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  1. I commend WJW for publishing the insightful, informative letters of Warren Manison and Stanley Orman. They focus attention on the most critical issue that is dividing our nation.

    Rabbi Joshua Runyan’s piece in WJW (Sept. 17) simply represents the views and attitudes prevalent among a vast majority of Jewish Americans. I get it. However, those Jews for the most part are tied at the hip to the Democratic Party and, like lemmings, would jump off a cliff to satisfy the platform of their favorite party.

    How sad, then, for American Jews and democrats in general, that the formerly moderate leaders of the Democratic Party have totally capitulated to the most inexperienced, radical voices in their party. Whether it be calling for defunding of the police, encouraging insurrection, promoting open borders for illegal aliens, petulantly demanding that the president refrain from appointing a new Supreme Court justice, belittling President Trump’s significant foreign and domestic policy accomplishments, or inciting blind hatred and animosity toward our president, the new radical Democratic Party is a blot on our nation’s history.

    There’s the rub!

    Marc L. Caroff

    Virginia Beach, VA

  2. With all due respect to the above “letters to the editor,” I find the amount of anger spewed unacceptable–by all sides. By all means give Mr. Trump credit for moving the American Embassy to Jerusalem and completing an agreement with the UAE and Bahrain (with more states to follow) on his watch. Let’s not magnify those accomplishments, however, and let’s understand the changing scenery in the Middle East. Let’s also not denigrate the Obama-Biden administration or cast Democrats as suddenly “anti-Israel.” I am uncertain that the present actions of the Oval Office have made Israel more secure; pulling out of an Iran deal has only served to accelerate tensions without any good options in sight—as imperfect as that international arrangement may be (it is still embraced internationally).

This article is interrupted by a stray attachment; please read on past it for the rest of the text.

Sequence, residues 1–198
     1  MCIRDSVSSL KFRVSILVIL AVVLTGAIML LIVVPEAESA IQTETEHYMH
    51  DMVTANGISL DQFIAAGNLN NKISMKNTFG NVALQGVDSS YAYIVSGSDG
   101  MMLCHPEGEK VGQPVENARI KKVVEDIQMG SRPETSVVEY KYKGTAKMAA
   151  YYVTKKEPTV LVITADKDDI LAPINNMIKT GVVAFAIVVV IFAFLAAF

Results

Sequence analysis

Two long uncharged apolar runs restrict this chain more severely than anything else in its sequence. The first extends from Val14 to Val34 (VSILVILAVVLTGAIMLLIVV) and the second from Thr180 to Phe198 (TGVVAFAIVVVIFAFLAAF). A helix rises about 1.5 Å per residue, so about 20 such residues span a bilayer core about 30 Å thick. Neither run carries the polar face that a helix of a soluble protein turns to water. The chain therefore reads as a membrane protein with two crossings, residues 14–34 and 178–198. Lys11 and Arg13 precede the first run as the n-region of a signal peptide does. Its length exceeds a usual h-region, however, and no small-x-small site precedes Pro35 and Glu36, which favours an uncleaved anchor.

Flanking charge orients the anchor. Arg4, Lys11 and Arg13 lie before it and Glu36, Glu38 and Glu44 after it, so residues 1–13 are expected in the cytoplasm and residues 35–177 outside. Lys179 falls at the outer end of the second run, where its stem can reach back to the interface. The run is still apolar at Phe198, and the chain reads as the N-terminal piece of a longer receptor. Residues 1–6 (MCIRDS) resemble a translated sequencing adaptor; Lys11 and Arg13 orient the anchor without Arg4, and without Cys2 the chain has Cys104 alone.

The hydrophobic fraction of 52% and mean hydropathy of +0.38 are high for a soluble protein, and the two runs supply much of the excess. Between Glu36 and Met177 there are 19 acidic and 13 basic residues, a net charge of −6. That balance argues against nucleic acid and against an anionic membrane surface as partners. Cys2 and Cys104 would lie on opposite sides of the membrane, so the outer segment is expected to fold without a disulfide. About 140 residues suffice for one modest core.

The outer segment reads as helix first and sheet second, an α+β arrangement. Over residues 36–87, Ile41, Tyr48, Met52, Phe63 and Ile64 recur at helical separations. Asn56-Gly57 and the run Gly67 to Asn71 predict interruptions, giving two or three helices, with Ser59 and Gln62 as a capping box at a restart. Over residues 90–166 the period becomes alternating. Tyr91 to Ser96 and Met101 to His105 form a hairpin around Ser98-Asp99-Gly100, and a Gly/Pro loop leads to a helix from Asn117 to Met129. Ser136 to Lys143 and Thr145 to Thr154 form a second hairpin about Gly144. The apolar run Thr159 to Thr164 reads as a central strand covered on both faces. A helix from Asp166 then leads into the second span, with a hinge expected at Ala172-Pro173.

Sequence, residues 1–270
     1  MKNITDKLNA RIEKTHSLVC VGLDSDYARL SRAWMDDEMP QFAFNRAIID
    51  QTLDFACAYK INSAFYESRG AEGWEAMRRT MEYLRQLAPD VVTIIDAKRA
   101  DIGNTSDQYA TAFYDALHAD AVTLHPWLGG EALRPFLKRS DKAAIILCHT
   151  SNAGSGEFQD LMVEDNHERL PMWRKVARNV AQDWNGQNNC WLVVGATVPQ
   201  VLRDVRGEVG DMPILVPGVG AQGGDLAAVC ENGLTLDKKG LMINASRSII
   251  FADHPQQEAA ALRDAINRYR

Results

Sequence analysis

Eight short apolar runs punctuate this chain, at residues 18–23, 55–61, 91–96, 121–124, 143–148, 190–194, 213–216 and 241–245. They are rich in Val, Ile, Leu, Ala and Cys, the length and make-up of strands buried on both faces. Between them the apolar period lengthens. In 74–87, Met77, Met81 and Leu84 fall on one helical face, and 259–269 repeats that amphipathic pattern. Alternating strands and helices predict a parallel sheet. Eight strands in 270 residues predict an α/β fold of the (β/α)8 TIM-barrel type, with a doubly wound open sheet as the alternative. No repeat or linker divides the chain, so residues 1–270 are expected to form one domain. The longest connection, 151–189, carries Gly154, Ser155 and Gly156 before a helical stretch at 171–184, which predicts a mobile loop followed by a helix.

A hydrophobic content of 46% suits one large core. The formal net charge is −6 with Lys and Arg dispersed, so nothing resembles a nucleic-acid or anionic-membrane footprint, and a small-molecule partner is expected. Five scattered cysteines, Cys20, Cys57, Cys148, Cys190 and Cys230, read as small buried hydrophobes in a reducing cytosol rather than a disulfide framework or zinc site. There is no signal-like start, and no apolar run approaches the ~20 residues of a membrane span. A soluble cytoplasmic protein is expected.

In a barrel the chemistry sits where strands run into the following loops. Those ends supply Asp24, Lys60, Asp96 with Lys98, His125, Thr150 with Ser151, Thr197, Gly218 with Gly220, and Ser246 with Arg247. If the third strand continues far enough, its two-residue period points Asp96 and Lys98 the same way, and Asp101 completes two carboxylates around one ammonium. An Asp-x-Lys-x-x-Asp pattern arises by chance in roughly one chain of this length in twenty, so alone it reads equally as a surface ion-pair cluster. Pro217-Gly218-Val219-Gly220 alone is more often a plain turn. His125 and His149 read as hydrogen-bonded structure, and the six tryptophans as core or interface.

Any rational review of Trumpian policy on immigration, health care, voting rights, disaster relief to Puerto Rico, embracing nonsense instead of science per the COVID pandemic, the inescapable connection between rhetoric and the rise of white supremacy and anti-semitism, the denial of climate change, and attack on the
    institutions that make us the democratic society we are purported to be, the beat goes on….can only come to the conclusion that this administration is both incompetent and complicit in the deaths of thousands of citizens (that could have been prevented).
    No, Democrats are not fomenting violence in the streets, or for “open” borders, etc. We all should acknowledge the need to re-think what social justice means as it applies to our legal system, maldistribution of wealth, equal opportunity, etc. Re-distribution of resources, not “defunding” of the “police” is the better paradigm. These precepts are well founded in Judaic tradition and mores.
    This is an election where the “soul of America” is at stake. Again give Mr. Trump credit for the things you think he has accomplished; but a transactional, erratic , “deny the facts” individual lacking empathy and common decency is not the person you should want in the White House.